Thursday, June 12, 2008

Follow Up

Bearded Iris Show Part II...and below, Snap Peas in the Morning Light...
Above, the very unusual Painter's Palette...It is a shade loving multi colored shrub that bears tall, spiky, bright red blooms, in the autumn. Below, Roses on Parade.
California Poppies are in Abundance...The bees enjoy them a lot. Below, the Lush New Growth of the Plum. They seem very happy with the dry conditions... Below that, Strawberries of some Gigantic Breed...they were freebies with a catolog order. They have spread everywhere and now look like they are going to bear as well...Will they be hollow and flavorless?
Sweet William...A very dependable Homestead Flower. Freely reseeds and is fairly drought tolerant. Good for the lazy gardener! Below, Simba...Resting up for Summer.
This is a follow up to my last post. I have so many more great shots in the can ( I guess that should be on the card) and some amazing videos of the bees. ...BUT - Speaking of busy...I've little time to blog, and my hips say no blogging! So I am staying active and enjoying the summer sun.

BUT, I am following the bees progress closely and was able to inspect again today. The weaker hive is queen-less so I have ordered another. It will not be shipped until Tuesday! We will re-queen by next Friday, and the new queen should be laying by the beginning of the following week. Which will put this hive about a month behind the other. They are still consuming the syrup, and have collected a good amount of pollen and nectar. They are slow to draw out the comb, but do have some capped honey, a good amount of capped brood, but no open brood or eggs. I will be nervous until I can install a new queen...and what even happened to our first? Was it a Swarm? Injury/Death? From what? Skunk? Bee Keeper? Stress of travel? And why, did she lay so well at the first, and then this dearth of birth??? And why are there so many drones in this hive? Like too many i think....Anyway, I am in wait and see, and trust the process mode with this one. Hive two is kicking butt. I decided to remove the queen excluder, and the second super. They just haven't got the hang of going through it, and had drawn no comb in either box. But they are so crammed into the brood chamber they are hanging out the front door at night! So I will let them build up some comb on the first super and then replace the excluder (or not... maybe I'll let them have the first super too.... )Today I again saw the queen. There was also TONS of eggs, brood, good pollen, nectar and some capped honey too. Yea!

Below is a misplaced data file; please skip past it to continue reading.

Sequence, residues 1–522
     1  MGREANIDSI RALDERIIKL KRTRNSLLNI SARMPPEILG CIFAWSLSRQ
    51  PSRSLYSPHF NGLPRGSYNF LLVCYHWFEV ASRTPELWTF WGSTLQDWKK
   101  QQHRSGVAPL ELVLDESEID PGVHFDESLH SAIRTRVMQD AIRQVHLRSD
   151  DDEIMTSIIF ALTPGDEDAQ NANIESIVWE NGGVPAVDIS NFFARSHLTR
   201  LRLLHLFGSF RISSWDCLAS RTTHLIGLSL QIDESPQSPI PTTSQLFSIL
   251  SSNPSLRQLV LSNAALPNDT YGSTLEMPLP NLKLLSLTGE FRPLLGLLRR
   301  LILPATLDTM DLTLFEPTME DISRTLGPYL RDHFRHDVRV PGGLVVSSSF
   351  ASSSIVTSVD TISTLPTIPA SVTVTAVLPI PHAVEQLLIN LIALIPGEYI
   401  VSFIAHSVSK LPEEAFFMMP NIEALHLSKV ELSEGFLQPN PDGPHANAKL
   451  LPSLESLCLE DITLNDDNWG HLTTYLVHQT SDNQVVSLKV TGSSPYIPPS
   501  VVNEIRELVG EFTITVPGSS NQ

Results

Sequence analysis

Tuesday, June 10, 2008

Way Later...

Cool June...Clouds rolling through on the wind...Calendula...ever blooming...Veggie Hits...and Hollyhock Sprouts....

Bumblebees A-plenty ...
Drone Bee...Outside the hive...WHY? (notice, its right wing is deformed...did he attempt to chase a queen and fail...?) Pictures below illustrate the antics of one of my hives. Numbers in this hive are few, there is very little uncapped brood, and on my last inspection I didn't find the queen but may have seen queen cells....! One afternoon they put on quite a display - Swarming? Nuptial flight of a new queen? I have many questions and few answers. Side note: This is a very active BEEFORUM. It is for Top Bar Hive enthusiasts, but many of the same principals apply; plus TBH's are very interesting! Top Bar Hives are simple bee hives, with about 30 slats across the top. The bees build all the foundation themselves and the hive can be built from simple materials. The claim is that TBH's do away with a lot of the hassle and extra gear of traditional bee keeping.... For now, we are in wait and see mode on this hive. I may need to re-queen it. My other hive is building up splendidly; their numbers are at least 4x's the weaker hive. They have already received two supers in addition to the brood chamber, which is 2 hive bodies deep. The queen there is laying like wildfire, beautiful even abundant brood and eggs. Crab Apples...and below, Backside of Ballerina - at Summer Arts Fair 2008- Middle Daughter sharing her gift...Thank you R.

I am having a hard time logging much time on line. I have chores in excess, and an uncooperative body. Nuff said. I have lots more images ready for the web, and will try to post again tomorrow. xxoo Jj